My twenty-something-year-old niece Maria Nguyen feels helpless about how the ALP and Coalition governments deal with asylum seekers: ‘It’s gotten to this point where neither show much compassion to these people. It’s almost no matter how you vote, you can’t really change [things].’
We are seated around the kitchen table at her house. Asylum seeker policy doesn’t often feature as dinner conversation in our family, but the outcome of the latest federal election has spurred Maria into action.
It’s a fitness goal of hers to run half a marathon; she’s slowly worked her way up to 8km with the Mother’s Day Classic and now plans to do 10km. Unlike previous fun runs, this time she’s raising money for refugees.
With Kevin Rudd’s PNG resettlement aspirations and Tony Abbott’s Operation Sovereign Waters, refugees and asylum seekers have been at the forefront of my niece’s mind, ‘I just feel like now more than ever is the time when the Resource Centre will probably need funds.’
What she’s referring to is the Asylum Seeker Resource Centre. The ASRC is an independent human-rights organisation that has been supporting asylum seekers since 2001. It isn’t government funded and relies predominantly on donations. Maria first heard about the Resource Centre at the 2008 Global Health Conference run by the Australian Medical Students’ Association. ASRC CEO Kon Karapanagiotidis was a guest speaker and Maria recalls his concern for the plight of asylum seekers and refugees in Australia. ‘He described visiting them in their detention centres: women and children who were treated as prisoners…He described mental health issues as well as physical health issues. Lots of attempts of suicide which is very distressing…Just his passion, his sorrow [while] talking about those sorts of issues struck me most.’
Karapanagiotidis encouraged those at the conference to volunteer their time and expertise once they had graduated. Maria has just over two years left of her medical degree but it’s something she’s interested in doing in the future. ‘These people really need it [the medical help], especially those who are still trying to seek refugee status.’
Alongside pro-bono health services, the Resource Centre also provides meals, foodbanks, legal and material aid, ESL classes, employment programs, case workers, community engagement and detention rights advocacy. Unlike the Government, the ASRC doesn’t ‘means test or merit test’ individuals and ‘turn[s] no asylum seeker in need away’(via ASRC website).
‘I’ve always thought about it since [Karapanagiotidis’ presentation],’ Maria notes, ‘even though I don’t volunteer there specifically.’
She and her brother do, however, volunteer at St Vincent de Paul Society’s tutoring centre in Dandenong, Victoria, helping refugee and migrant kids master their maths and English. The kids range from primary to middle school and come from a variety of backgrounds. Maria and her brother usually sit down with one or two students, returning to the same kids every week. ‘Some of them are quite behind in terms of their year level. They may have issues with English and on top of that we’re instructed not to ask about their past or how they’ve gotten there and what they or their family have experienced. But they could be bullied at school, they may have come here themselves in a refugee boat, they may have been tortured, they may have been exposed to violence. It’s a lot different to tutoring year 6 or year 5 kids.’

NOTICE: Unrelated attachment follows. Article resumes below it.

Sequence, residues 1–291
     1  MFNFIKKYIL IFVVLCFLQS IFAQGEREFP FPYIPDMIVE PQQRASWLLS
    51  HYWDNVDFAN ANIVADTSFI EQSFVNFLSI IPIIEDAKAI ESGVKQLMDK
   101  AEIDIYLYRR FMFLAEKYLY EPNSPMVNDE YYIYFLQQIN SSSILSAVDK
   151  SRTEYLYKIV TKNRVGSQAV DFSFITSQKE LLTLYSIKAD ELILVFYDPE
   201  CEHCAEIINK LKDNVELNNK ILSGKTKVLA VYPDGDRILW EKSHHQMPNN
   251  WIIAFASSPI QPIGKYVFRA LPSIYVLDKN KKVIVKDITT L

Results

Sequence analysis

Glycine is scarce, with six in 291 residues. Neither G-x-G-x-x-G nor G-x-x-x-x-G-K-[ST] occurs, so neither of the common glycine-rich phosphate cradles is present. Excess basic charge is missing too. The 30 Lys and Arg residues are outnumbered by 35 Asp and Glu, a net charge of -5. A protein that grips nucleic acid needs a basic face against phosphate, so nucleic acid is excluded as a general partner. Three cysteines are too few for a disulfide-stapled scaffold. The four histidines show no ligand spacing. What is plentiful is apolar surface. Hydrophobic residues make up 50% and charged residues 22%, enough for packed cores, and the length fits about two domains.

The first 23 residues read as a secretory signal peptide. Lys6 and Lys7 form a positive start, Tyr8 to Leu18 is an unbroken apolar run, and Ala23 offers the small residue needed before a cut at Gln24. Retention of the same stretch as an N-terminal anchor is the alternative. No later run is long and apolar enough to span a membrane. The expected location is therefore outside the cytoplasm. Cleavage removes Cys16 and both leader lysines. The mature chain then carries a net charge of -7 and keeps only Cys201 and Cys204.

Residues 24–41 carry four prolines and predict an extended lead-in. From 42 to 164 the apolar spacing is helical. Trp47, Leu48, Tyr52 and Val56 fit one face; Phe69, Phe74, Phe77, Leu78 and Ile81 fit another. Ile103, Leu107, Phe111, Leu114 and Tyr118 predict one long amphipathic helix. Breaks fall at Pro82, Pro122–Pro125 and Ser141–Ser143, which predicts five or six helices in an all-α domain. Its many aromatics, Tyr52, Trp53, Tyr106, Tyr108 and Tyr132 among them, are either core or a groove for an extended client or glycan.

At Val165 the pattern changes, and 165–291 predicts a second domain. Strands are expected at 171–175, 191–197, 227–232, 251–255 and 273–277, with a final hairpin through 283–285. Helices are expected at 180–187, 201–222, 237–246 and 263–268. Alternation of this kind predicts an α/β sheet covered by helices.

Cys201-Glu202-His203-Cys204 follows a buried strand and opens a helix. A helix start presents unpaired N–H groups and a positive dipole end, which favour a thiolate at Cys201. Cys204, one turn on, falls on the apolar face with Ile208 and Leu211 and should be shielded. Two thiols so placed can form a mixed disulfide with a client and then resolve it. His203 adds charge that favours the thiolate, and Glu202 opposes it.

Had she done tutoring before?
‘Not at that year level. I’ve tutored medical students and that’s vastly different again…Most of the kids [from Medicine] probably don’t need tutoring, whereas these kids obviously have the need and on top of that they come from very complex backgrounds and they may have very complex mental issues, and so our induction sessions go through all of that. But for the vast majority of them, you see so much joy. You come in expecting you’ve got to be sensitive about these cultural things but they—they’re really just kids. They’re very open. They really do want to achieve and to become the best that they can be and we ought to provide them with as much opportunity to reach their potential.’
It’s poignant that Maria is raising money for asylum seekers and helping out refugee and migrant kids in her spare time. Both her father and mother were accepted into Australia as refugees, after fleeing Vietnam by boat. While Maria’s parents struggled to find their feet in their new homeland, they made sure their daughter attended the right schools. Having done well enough in VCE to get into Medicine, she is now part of the refugee migrant success story. Maria’s future is bright, which is not something many kids of similar background can boast. Those who were left to fend for themselves whilst their parents struggled to make ends meet, ‘they’re put at such higher risk of everything…of unemployment, of [lower levels of] education. And it doesn’t seem to be getting better.’
So why donate to the Asylum Seeker Resource Centre? Why give money to asylum seekers instead of true blue Aussie battlers?
‘The Australian community…[need to] see how vulnerable these people are and how much need and support they require from our services and from ourselves, and that they deserve our help as well. They’ve made it here and they’ve chosen to stay.’ Grassroots organisations like the ASRC promote this much-needed awareness.
‘Australians forget how much immigration and refugees have given back to Australia and the Australian economy. Maybe not the refugees themselves but the next generation.
‘We need to keep in mind the long-term goals…If we help them now…I think they’ll give back ten-fold, a hundred-fold.’
Maria Nguyen will run her 10km as part of the Melbourne Marathon on Sunday, October 13. She plans to raise $1500 for the ASRC’s Run for Refugees fundraiser, and has already raised over $1000. Please help Maria blitz her target by donating at her ‘Run Mars Run’ page.